Water Quality Division
Blue Thumb Program
Volunteer Data Interpretation
Sugar Creek: CR1320
Sugar Creek: CR 1320
NW NW NW
N 35.10244° W 98.17707°
Sugar Creek is located in southwest central Oklahoma in the Cross Timbers ecoregion. The land is used mainly for agriculture, and is very flat around the stream. The headwater, or where the stream begins, is near Hinton. Sugar Creek drains an area that measures about 240 square miles.
Sugar Creek has a high flow, which means it flows fast, and it flows a lot. The wooded bank of the stream provides the canopy cover shading and some bank stability as well. The roots of the trees and grasses that grow on the bank provide stability and prevent erosion to an extent, though the banks are not well vegetated. Sugar Creek does not vary in depth much. It was shallow with a sandy bottom and very few pools. There is not as much instream cover as is needed to shelter and protect the stream’s inhabitants. The bottom of the stream is very soft and sandy indicating that a lot of sediment is traveling down the channel. The habitat score is less than half of the average high quality stream and is definitely lacking some of the components needed to have a healthy, thriving underwater community.
The fish collection at Sugar Creek took place on August 6, 2007. There were only 9 species of fish collected; no darter/benthic species or intolerant species found. There were 2 species of sunfish (Bluegill sunfish and Largemouth bass). The lack of darter/benthic species and intolerants species causes a little concern that there might be something causing their extinction in the stream. This was a very poor collection: Sugar Creek scored an E for its fish conditions, the lowest possible score.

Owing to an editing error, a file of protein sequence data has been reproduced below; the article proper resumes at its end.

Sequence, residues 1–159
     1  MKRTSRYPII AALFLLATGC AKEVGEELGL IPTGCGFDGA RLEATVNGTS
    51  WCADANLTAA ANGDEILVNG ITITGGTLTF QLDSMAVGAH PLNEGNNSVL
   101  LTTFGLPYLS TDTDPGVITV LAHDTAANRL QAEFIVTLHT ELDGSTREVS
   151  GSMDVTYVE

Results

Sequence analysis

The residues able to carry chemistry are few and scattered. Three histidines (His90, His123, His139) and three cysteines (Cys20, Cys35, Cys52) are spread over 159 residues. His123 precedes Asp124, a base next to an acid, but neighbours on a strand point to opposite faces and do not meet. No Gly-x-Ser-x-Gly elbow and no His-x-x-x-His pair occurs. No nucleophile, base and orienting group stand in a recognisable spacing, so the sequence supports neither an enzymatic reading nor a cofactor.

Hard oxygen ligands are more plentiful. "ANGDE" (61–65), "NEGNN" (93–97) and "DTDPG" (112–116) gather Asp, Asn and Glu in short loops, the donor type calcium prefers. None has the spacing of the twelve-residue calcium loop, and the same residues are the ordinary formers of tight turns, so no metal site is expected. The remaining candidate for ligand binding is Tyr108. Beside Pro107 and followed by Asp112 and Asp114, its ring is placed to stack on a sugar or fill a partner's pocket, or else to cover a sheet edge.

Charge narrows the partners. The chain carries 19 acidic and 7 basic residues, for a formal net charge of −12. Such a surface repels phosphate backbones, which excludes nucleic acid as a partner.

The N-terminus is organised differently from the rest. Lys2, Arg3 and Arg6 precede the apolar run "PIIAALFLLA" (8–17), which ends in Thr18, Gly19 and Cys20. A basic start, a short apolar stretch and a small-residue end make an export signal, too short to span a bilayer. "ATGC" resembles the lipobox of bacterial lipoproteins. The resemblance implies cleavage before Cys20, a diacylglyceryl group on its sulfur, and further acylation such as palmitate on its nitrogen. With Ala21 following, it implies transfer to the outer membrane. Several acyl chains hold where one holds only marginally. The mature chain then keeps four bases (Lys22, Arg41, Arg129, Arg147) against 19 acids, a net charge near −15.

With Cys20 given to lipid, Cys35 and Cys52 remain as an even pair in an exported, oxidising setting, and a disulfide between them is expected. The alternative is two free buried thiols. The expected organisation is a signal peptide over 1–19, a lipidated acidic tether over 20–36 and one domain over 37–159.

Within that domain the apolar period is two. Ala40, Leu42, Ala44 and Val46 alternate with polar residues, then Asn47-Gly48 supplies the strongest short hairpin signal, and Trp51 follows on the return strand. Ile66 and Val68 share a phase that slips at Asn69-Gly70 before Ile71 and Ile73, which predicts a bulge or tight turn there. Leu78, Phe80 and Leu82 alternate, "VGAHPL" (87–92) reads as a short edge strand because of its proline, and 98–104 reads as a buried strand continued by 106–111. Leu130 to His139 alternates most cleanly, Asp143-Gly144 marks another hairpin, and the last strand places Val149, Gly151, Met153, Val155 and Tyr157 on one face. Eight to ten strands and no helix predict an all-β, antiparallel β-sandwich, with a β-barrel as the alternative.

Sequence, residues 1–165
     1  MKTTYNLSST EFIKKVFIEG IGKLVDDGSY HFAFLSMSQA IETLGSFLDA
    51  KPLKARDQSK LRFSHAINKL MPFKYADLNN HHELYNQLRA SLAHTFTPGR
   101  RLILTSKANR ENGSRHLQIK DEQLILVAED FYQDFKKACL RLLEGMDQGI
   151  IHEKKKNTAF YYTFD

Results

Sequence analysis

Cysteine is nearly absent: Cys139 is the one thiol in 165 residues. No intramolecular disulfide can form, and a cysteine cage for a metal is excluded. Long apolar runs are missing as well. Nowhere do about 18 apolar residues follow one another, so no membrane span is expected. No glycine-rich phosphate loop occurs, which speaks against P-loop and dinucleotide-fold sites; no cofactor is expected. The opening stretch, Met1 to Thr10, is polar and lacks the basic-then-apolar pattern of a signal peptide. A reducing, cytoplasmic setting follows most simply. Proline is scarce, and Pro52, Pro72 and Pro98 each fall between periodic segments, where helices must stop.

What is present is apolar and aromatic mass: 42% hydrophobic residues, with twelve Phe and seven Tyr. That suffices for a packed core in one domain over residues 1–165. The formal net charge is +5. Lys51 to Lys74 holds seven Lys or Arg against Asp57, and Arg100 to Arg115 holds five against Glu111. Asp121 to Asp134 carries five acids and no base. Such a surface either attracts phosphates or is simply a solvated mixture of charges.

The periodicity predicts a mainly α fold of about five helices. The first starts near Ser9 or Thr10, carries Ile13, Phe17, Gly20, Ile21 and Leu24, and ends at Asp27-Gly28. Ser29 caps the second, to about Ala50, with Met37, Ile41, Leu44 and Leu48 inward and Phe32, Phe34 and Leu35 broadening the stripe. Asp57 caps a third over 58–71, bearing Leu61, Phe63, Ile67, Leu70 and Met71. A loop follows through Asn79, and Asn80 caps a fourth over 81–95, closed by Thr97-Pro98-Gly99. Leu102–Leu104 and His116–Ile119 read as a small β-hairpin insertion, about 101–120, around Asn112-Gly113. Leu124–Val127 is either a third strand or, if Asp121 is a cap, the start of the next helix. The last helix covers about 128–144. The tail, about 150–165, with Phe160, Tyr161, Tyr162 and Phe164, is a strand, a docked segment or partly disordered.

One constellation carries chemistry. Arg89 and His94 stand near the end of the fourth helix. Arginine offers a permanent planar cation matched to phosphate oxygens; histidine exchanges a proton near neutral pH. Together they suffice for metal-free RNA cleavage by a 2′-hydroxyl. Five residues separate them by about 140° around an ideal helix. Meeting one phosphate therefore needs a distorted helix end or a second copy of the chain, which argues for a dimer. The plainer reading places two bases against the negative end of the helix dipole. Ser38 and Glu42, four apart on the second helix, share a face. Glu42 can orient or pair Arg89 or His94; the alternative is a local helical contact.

Bugs have been collected in the winter of 2007 at Sugar Creek. The stream scored a C with a collection only 45% as good as is found in high quality streams in the same ecoregion. There are still many of the tolerant species available in the stream, but the EPT bugs, or the more sensitive bugs, are dwindling in the winter months.
Bugs were collected in the summer of 2007 at Sugar Creek. The stream scored a B in bug conditions for the summer months. The tolerant bugs are numerable and the intolerant bugs, EPT, are still there as well, but in moderation.
Water chemistry was only reported twice at Sugar Creek, August 2006 and September 2006. The oxygen saturation was normal at 102.5%. Soluble nitrogen was a little high at 1.24 mg/L N. The orthophosphate phosphorus was quite high at 0.18 mg/L P. Chloride and pH were in normal ranges. Sugar Creek has elevated levels of nutrients.
Sugar Creek has some good canopy shading, but the habitat is lacking a few crucial ingredients, such as instream cover for its inhabitants. There is also a lot of sand in the creek which makes the bottom unstable and has filled in most pools. This and the elevated levels of nutrients may be the cause for the low population of fish. There are many possibilities and outside influences involved also, such as how the surrounding communities have influenced the habitat. The bug population has retained some of its more sensitive species, so this is a good sign. There have not been enough chemical tests to see fluctuation and averages. Sugar Creek would not measure up to other high quality streams due to its lack in habitat, fish species diversity, and chemistry. All of these factors play a role in the balance of the stream, and if one is thrown off they all go haywire.
Written by: Shelbey Hill